If you're new to AirPods, considering buying a pair, or just want to pick up some new tips.
AirPods and AirPower: Everything We Know
Apple Hit With Lawsuit Over FaceTime Eavesdropping Bug
Houston lawyer Larry Williams II today filed a lawsuit against Apple claiming that his iPhone allowed an unknown person to listen in on sworn testimony during a client deposition.
He is suing Apple for unspecified punitive damages for negligence, product liability, misrepresentation, and warranty breach. The bug, says Williams, violates the privacy of a person's "most intimate conversations without consent."
The FaceTime bug in question was widely publicized yesterday after making the rounds on social media. By exploiting a bug in Group FaceTime, a person could force a FaceTime connection with another person, providing access to a user's audio and sometimes video even when the FaceTime call was not accepted.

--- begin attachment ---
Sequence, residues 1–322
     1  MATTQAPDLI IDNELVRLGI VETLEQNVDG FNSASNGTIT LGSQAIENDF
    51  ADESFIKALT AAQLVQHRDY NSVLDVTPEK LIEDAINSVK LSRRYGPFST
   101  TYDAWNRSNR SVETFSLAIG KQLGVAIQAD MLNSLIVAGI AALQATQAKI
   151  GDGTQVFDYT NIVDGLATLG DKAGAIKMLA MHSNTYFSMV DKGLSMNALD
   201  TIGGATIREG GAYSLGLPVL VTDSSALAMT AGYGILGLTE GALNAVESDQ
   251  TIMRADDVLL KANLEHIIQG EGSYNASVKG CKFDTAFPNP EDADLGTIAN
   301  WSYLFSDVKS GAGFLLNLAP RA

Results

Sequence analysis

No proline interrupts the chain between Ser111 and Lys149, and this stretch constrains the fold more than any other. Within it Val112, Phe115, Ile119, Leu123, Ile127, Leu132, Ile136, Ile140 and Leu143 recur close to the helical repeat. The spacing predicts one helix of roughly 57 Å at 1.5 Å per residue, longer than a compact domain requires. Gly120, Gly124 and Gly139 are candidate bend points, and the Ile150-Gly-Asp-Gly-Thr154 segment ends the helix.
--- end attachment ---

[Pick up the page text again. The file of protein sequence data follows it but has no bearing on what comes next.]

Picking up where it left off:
There was no way to avoid malicious FaceTime calls forced to connect in this manner short of turning off FaceTime, but after the issue received attention, Apple disabled Group FaceTime server side, and the feature remains unavailable. With Group FaceTime turned off, the exploit is not available and no one is in danger of being spied on via their Apple devices through the FaceTime bug.
Apple is planning to implement a fix via a software update later this week, but the company has not commented on how long this bug was available before it was widely shared. Group FaceTime has been available since iOS 12.1 was released in October.
A woman whose teenage son initially discovered the bug says that she contacted Apple multiple times starting on January 20, and even sent a video demonstrating the issue, but she received no response from the company.